How it works is due to the unique structure of the Hyoid Bone, if its damaged it tends to indicate manual strangulation. When ligatures are used [for example in the JonBenet case, and in murders staged to look like suicides [Rebecca Zahau and Susan Rohde] what we expect to see is no damage to the Hyoid Bone. To understand how this works, and why the mechanism of ligature strangulation tends not to harm the structures [the horns] of the Hyoid Bone, we need to look at where the structure fits into the throat.
It’s relatively high up and close to the jaw, and ligatures are often lower and cut into the throat below and perhaps above the Hyoid Bone. It’s a unique structure because, like the cartilage of the nose, knees and ears, it’s relatively loose. So when extreme force is applied, the cartilage tends to slip out of the way.
With manual strangulation, the hands and fingers prevent the Hyoid Bone from slipping, and this structure is often crushed or fractured.
I learned about the remarkable idiosyncrasies of the Hyoid Bone while researching the Zahua and Rohde cases simultaneously. In both cases, the murder suspects claimed the victim wasn’t strangled, but that she [Rebecca and Susan respectively] had hung herself. One way of proving the case, one way or another, was to look at the Hyoid Bone in both instances. If the Hyoid Bone was undamaged, it would suggest hanging. If it was bruised or fractured, or there was bruising or hemorrhage immediately adjacent to it, this would indicate ligature strangulation [hanging]. One has to be careful being too reductionist about it, because manual strangulation can involve a ligature. It’s very likely Susan Rohde was strangled with the belt of her nightgown.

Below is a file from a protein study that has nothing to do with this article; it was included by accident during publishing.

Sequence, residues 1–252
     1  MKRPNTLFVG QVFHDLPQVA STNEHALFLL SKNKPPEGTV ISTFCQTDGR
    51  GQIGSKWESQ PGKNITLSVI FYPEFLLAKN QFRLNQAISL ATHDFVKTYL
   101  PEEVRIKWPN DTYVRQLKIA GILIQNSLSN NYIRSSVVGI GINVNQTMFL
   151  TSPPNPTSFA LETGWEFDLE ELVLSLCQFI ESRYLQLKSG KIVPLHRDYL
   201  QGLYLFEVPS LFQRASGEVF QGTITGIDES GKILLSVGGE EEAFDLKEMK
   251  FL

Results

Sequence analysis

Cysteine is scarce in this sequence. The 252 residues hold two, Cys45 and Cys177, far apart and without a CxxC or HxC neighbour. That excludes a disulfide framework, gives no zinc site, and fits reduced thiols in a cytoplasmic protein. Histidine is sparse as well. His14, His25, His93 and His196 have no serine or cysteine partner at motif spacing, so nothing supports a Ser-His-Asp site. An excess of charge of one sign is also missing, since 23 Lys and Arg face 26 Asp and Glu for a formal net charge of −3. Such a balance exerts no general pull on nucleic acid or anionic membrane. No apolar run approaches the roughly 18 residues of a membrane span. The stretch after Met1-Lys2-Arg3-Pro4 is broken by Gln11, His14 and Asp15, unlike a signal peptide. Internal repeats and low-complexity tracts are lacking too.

A differentiating factor in terms of a ligature from manual asphyxiation and hanging is that a person hanging will tend to have a ligature rising at the back of the neck. A manual ligature will tend to be horizontal.
A mannequin was used in the Rohde case to demonstrate the ligature. To make it even more complicated, one must add to the equation the possibility of post mortem ligatures [as part of the staging process]. Can ligatures form on a dead body, and can the Hyoid Bone be damaged as part of post mortem staging?
In the Rohde case it became quite confusing, with two experts for the state arguing convincingly about damage to the Hyoid Bone, and two experts for the defense basically jumbling everything into a big mess, making a confused muddle in which many possibilities were entertained. They also argued that since Susan was half standing while she hung herself, the ligature wouldn’t necessarily be “more vertical”.
In the end the Judge went with the state, and accepted the well-worn wisdom that a damaged Hyoid Bone, which besides being slippery, is a tough and elastic structure, tends to indicate manual strangulation and therefore murder.
In intimate partner murders, especially between husbands and wives, or ex-wives, the Hyoid Bone is as damning as cadaver odor was to the McCanns, Casey Anthony and Scott Peterson. But the fact that the MSM version of how the Watts children were murdered defaults to manual strangulation – in contradiction to any corroborating evidence – shows the True Crime genre still has much to learn from the forensic pathology side of things.
Below are additional excerpts from the Rohde Trial Judgment related to the Hyoid Bone.